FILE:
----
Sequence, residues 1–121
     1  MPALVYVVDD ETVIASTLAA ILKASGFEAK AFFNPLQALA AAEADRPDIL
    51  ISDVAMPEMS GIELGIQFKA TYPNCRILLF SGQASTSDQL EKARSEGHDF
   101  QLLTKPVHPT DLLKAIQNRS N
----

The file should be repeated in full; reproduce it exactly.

Sequence, residues 1–121
     1  MPALVYVVDD ETVIASTLAA ILKASGFEAK AFFNPLQALA AAEADRPDIL
    51  ISDVAMPEMS GIELGIQFKA TYPNCRILLF SGQASTSDQL EKARSEGHDF
   101  QLLTKPVHPT DLLKAIQNRS N